How do you fix an Android that’s stuck and won’t boot past its logo?

It can be frustrating when an Android phone gets stuck on the logo screen during boot up. This issue, sometimes referred to as being “bricked,” prevents the phone from fully loading the operating system. There are several potential causes for an Android being stuck on the logo screen:

  • A software crash or glitch that prevents the operating system from loading properly
  • Corruption or errors in the phone’s firmware or OS files
  • Failing or damaged hardware components like the motherboard or storage
  • An incompatible OS update or flashing the wrong firmware

When an Android is stuck on the logo screen, it fails to fully boot up into the home screen no matter how many times it is restarted. The phone may be caught in a reboot loop, unable to get past the manufacturer logo that appears when first powering on the device. This prevents access to the OS, apps, settings and data on the phone.

Try Restarting the Phone

One of the simplest ways to fix an Android phone that’s stuck on the logo screen is to restart it. Holding down the power button for 30 seconds or longer will force the phone to power down. After it shuts off, press the power button again to turn it back on. This essentially performs a hard reset on the device.

According to a study by, restarting an Android device can successfully get it unstuck from the logo screen in many cases. If the restart is successful, the problem was likely just a temporary software glitch or app conflict preventing the phone from booting up properly. The restart clears any memory errors and resets the phone to factory conditions.

Before attempting a hard reset, make sure the phone is charged sufficiently. Also, don’t restart the phone repeatedly as this can potentially cause further software issues. Just try restarting it once or twice to see if it can boot up normally.

Check for Hardware Issues

One common reason an Android phone may get stuck on the logo is a hardware failure or damage preventing a successful boot up. Carefully inspect your device for any signs of physical damage like a cracked screen or water damage. Water damage in particular can short circuit components and stop the phone from powering on properly.

Other hardware issues like a faulty power button or damaged charging port can also prevent the phone from booting up fully. Try disconnecting any cables and removing the battery, then reinserting it to ensure a proper connection. If the phone still won’t boot, the internal hardware like the motherboard or storage may be malfunctioning.

If you suspect hardware damage, it’s best to take it to a repair shop for diagnosis. They can test individual components and replace any faulty parts if possible. Severe liquid damage may be irreparable though. As a last resort, you can attempt a factory reset to see if software corruption was the issue, but hardware failures will likely persist.

Boot into Recovery Mode

Recovery mode is a special mode on Android phones that allows you to troubleshoot and fix software issues without fully booting into the operating system. Accessing recovery mode is done by pressing and holding certain hardware buttons when powering on your phone.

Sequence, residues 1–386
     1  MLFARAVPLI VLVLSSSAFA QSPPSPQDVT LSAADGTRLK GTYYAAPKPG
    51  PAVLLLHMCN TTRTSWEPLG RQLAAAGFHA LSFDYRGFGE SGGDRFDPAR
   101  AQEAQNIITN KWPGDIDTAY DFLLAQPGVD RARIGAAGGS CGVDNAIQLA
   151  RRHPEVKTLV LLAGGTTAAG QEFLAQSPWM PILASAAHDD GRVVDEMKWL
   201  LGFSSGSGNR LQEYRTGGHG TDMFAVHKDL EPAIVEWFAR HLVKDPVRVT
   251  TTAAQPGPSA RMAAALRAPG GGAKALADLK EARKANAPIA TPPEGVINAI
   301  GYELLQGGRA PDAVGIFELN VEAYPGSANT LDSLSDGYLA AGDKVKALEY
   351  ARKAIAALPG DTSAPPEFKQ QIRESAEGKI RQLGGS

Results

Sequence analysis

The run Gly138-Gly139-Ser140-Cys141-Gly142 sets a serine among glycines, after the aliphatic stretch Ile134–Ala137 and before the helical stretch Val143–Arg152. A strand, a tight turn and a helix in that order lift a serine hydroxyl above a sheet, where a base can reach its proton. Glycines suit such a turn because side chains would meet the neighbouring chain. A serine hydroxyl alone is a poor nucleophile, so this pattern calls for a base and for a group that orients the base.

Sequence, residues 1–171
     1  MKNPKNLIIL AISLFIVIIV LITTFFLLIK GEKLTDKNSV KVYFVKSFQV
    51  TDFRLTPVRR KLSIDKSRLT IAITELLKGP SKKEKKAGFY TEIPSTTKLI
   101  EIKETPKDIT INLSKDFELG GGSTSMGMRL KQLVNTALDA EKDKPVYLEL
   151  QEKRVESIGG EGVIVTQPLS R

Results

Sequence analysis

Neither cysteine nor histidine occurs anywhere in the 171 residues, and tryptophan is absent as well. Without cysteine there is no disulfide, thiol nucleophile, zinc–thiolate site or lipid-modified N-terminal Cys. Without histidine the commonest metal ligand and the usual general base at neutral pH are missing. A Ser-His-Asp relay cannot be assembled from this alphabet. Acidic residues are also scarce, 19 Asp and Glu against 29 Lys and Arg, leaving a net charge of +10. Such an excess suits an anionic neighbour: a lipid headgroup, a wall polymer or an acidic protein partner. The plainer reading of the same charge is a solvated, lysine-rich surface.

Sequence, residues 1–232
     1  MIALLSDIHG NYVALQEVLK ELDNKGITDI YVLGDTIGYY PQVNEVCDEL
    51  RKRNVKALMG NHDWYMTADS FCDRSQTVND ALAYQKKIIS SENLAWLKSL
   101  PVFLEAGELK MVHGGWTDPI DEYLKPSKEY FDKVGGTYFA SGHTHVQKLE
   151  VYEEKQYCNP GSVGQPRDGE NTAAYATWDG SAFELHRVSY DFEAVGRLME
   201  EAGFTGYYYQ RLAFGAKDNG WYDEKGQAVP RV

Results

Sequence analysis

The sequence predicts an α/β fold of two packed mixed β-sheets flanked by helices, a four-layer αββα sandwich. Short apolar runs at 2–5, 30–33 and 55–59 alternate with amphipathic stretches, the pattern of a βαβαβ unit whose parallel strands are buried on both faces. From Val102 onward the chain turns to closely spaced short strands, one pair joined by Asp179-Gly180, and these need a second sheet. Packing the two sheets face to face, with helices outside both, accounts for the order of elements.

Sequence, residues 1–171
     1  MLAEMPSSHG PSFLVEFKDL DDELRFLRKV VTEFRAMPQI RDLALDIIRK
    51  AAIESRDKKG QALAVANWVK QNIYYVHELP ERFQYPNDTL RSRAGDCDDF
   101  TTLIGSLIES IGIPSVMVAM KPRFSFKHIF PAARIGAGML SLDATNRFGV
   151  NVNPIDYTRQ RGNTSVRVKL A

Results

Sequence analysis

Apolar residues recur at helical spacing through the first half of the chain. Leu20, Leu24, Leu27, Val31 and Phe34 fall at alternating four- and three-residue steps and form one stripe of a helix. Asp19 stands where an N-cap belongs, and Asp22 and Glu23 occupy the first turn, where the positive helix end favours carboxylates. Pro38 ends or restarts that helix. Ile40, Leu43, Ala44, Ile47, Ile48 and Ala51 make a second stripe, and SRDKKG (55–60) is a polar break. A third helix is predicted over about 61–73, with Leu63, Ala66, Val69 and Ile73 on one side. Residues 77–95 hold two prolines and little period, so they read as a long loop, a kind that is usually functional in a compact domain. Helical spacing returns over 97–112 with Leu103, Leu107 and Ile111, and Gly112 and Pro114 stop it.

The key combination to enter recovery mode varies by phone model and manufacturer. For example, on a Samsung Galaxy you would press and hold the Volume Up, Home, and Power buttons. On a Google Pixel, you’d press and hold Volume Down and Power. Refer to your phone’s manual or search online to find the proper key combo.

Once in recovery mode, you’ll see a menu with advanced options to try fixing your stuck phone. This includes wiping the cache partition, factory resetting the device, and flashing system images. Recovery mode is very useful when software corruption or bugs are preventing your phone from booting normally.

According to Wired, you can access Android’s recovery mode by holding the Volume Down button while pressing and holding the Power button. Lifewire also outlines step-by-step instructions for entering recovery mode on various Android devices.

Wipe Cache Partition

Wiping the cache partition can help fix software corruption that may be preventing your Android from booting properly past the logo screen. The cache contains temporary system files and can become corrupted over time, leading to performance issues or freezing. Clearing the cache erases these potentially problematic files and gives the system a fresh start.

To wipe the cache partition, you’ll need to boot into recovery mode. The steps vary by device, but typically involve pressing and holding the power button and volume down button simultaneously. In recovery mode, use the volume keys to scroll to “Wipe Cache Partition” and select it with the power button. After wiping the cache, reboot your device normally and see if it boots past the logo.

Just be aware that wiping the cache will delete some data and settings, like your WiFi passwords. It does not affect personal files like photos or downloads. Overall, it’s a safe troubleshooting step worth trying if your Android is stuck on the logo screen. As per this guide, clearing the cache partition has resolved boot issues for many users after all else failed.